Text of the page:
supplementary questions from the ministers. According to Article-105 of the Constitution members have full freedom of speech in parliament. No member of parliament is liable to any court of law in respect of anything said in the parliament. No representative of the parliament is liable also in respect of the publication by or under the authority of either house of the parliament. In all other respects powers, privileges and immunities of members of each house are laid down by parliament from time to time

As the time goes by members of the parliament roll on new members gather experience in parliamentary affairs, in the matters of self rules and in the matters of governance through representatives. Thus, continuing and ex-members disseminate knowledge in their constituencies about parliamentary proceedings.

Indian parliament is all powerful like British parliament. Article-368 of the Constitution gives Indian parliament the right of amending the Constitution and the same has been amended several times. Through the 73rd and 74th amendment of the constitution electoral politics and governance has been devolved in the people at the grass-roots level, i.e. the representative system of governance has been taken to the Gram Sabha level

Indian society, as complex it is, has rightly chosen the path of democracy and a representative government. Democracy is that form of government which derives its power from its people. The parliamentary democracy means a democracy where the executive is responsible to and removable by the elected representatives of the people. The founding fathers of Indian constitution have asked wisely in adopting a democratic form of government. The entire range of national movement was based on the sacred principle underlying democracy that a people have the inherent right to govern themselves. They wisely chose its parliamentary form because that was in keeping with our past political institutions set up under the colonial rule. This means there has been a continuity of political life in the country. The foundations of parliamentary form of government had been laid down as well as in 1892. Since that time parliamentary form of government, in form or the other, has been functioning in India. The acceptance of the parliamentary form was a deliberate one by the people of India. They have preferred it because it ensures day to day and periodic responsibility of the government to the people. It is day to day because the elected representatives take up the problems of the people in various democratic fora in their deliberations.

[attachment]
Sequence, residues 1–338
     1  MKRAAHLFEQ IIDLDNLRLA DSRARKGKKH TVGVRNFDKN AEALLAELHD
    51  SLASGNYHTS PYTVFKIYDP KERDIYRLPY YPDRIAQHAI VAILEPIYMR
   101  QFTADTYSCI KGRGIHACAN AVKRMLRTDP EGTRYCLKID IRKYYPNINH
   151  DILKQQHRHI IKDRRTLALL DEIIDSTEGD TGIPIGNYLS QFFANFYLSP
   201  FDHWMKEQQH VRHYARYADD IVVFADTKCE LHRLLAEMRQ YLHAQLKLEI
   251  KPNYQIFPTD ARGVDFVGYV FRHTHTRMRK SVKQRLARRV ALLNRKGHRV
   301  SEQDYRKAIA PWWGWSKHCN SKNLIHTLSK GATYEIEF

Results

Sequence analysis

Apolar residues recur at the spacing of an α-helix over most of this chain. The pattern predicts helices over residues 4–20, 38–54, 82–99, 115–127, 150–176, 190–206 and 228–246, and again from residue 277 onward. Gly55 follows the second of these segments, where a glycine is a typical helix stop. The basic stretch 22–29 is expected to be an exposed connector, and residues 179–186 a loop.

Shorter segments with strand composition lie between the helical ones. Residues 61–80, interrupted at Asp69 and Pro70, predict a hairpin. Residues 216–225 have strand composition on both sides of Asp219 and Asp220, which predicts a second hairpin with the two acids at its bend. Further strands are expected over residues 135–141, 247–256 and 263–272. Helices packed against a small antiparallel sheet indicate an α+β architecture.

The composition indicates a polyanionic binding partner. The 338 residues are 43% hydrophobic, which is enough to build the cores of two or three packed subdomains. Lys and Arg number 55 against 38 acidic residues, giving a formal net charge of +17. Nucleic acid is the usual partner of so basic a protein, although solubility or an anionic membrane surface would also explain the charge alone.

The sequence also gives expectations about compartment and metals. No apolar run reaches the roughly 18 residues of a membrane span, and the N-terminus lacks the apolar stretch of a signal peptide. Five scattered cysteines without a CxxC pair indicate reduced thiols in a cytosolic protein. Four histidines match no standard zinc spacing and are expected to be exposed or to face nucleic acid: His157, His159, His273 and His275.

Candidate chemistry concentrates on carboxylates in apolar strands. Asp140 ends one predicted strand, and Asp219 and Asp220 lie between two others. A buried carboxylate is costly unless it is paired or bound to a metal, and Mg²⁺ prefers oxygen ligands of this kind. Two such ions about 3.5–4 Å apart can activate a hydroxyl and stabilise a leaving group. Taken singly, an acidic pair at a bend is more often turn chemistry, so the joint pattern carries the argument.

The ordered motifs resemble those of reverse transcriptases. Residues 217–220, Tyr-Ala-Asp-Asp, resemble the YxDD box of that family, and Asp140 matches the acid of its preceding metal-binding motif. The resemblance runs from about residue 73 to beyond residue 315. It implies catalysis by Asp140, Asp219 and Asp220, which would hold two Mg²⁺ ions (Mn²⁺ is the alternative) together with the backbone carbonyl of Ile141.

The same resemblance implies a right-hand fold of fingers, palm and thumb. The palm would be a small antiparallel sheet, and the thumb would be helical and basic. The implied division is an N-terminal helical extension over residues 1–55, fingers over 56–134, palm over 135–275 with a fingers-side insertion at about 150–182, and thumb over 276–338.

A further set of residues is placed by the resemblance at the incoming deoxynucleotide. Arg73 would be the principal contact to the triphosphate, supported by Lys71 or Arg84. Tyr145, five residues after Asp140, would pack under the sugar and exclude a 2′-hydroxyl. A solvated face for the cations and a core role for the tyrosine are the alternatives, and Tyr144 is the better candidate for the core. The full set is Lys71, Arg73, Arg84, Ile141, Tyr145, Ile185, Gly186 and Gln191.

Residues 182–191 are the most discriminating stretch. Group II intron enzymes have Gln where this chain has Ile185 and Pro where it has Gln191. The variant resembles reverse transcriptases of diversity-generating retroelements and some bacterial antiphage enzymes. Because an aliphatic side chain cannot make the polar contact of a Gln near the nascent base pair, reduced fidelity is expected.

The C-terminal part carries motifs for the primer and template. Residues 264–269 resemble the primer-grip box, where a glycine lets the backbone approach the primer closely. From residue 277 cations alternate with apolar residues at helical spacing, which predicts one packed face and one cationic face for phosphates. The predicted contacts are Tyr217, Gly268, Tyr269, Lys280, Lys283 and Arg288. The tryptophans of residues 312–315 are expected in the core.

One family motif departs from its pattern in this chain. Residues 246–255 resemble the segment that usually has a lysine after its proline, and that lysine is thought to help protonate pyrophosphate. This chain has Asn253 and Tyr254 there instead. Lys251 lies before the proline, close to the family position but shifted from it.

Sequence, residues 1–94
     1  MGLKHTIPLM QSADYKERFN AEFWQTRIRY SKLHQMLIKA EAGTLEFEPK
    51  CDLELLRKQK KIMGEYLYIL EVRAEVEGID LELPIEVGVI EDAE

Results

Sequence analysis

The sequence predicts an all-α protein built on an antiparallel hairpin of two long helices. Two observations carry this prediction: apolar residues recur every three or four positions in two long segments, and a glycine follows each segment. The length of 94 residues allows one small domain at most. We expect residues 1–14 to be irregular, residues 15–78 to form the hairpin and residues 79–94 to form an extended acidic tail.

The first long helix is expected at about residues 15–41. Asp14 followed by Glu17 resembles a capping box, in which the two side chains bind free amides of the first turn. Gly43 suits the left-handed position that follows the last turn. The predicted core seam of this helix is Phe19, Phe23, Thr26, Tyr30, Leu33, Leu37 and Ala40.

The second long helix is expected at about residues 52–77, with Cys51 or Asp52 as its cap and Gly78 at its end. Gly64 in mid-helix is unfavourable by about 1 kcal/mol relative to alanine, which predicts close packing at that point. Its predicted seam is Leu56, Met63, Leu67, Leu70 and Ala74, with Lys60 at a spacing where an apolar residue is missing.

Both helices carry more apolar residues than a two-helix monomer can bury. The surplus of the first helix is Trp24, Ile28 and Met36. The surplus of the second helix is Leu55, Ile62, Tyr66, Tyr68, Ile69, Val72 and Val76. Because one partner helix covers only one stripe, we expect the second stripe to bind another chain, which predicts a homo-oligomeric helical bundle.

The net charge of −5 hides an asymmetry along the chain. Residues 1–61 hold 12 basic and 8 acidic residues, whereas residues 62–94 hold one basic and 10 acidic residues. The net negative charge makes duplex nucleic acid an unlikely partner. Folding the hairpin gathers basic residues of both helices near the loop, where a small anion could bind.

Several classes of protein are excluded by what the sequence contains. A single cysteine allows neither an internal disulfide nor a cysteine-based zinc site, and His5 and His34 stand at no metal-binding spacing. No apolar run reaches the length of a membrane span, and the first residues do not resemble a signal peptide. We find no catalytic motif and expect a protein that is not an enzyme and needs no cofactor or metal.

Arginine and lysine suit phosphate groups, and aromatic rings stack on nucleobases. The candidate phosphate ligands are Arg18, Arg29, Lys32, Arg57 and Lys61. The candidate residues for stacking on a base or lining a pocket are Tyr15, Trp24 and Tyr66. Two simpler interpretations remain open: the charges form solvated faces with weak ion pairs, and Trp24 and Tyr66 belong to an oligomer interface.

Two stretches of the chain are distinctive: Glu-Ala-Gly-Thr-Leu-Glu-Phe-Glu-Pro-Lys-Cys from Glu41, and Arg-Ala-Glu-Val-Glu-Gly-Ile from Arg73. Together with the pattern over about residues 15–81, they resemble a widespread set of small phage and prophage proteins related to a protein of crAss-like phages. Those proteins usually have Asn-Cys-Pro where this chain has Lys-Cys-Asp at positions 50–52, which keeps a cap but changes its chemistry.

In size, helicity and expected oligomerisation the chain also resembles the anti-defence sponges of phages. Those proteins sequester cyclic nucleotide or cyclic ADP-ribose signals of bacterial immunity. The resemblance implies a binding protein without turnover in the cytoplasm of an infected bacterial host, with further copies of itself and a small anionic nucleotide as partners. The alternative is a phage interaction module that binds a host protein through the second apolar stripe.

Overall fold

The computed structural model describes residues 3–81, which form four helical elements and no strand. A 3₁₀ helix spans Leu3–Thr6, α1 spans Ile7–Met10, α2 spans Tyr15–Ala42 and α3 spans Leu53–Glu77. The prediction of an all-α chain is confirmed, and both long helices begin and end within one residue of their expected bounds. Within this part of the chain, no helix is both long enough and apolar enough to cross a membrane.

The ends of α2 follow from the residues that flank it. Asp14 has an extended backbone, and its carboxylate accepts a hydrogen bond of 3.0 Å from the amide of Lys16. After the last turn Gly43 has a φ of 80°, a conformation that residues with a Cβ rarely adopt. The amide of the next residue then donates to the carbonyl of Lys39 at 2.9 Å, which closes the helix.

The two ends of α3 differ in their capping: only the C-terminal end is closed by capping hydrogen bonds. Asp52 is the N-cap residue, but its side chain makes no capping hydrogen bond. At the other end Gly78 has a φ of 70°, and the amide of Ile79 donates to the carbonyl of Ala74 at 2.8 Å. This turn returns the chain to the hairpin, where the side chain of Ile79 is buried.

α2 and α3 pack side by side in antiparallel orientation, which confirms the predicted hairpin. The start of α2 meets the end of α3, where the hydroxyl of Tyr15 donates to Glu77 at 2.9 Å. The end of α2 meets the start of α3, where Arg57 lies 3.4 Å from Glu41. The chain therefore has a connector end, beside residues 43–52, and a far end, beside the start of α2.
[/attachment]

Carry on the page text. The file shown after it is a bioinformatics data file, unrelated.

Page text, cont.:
Democratic from of government succeeds in a country, or society where the system of public instruction on education is liberal. Democracy believes in utilising the opinion of
every individual in running the government. In India , through political parties common people are being prepared for adequate discharge of responsibilities in a democratic set up, through a system of liberal education. Education should not only be universal, free and compulsory at the Elementary stage, but should be liberal. Liberal education means permission for free flow of ideas and thoughts. It should be based on the assessment of conflicting ideologies, say for instance, democracy vis-a-vis regimentation. Any regimentation of thought is suicidal to democracy. In India, 34.62 per cent ( 2001 census) of people are illiterate, which is a handicap for the functioning of proper democracy. But education in India is liberal.

Democracy prospers where democratic values are held above sectionalism. People should possess a genuine sense of nationalism which transcends the barriers of locality language, religion, ethnicity, and caste. The ideals of democracy ought to include social as well as economic democracy. Social democracy means that the State should not recognize differences based on language, religion, ethnicity and caste. All social discriminations must be done away with in a democracy. Economic democracy mean equal economic opportunities for all. It means that every one should get enough to live o and no body should die of starvation. However, conditions in India today seems to be f behind the idea of economic justice.

Other factors essential for successful democracy are natural, honest and efficient public servants as well as an independent judiciary. A part from the above, local self government, which the craddle of democracy must generate local self institutions to serve as the training centre for future politician and statesman.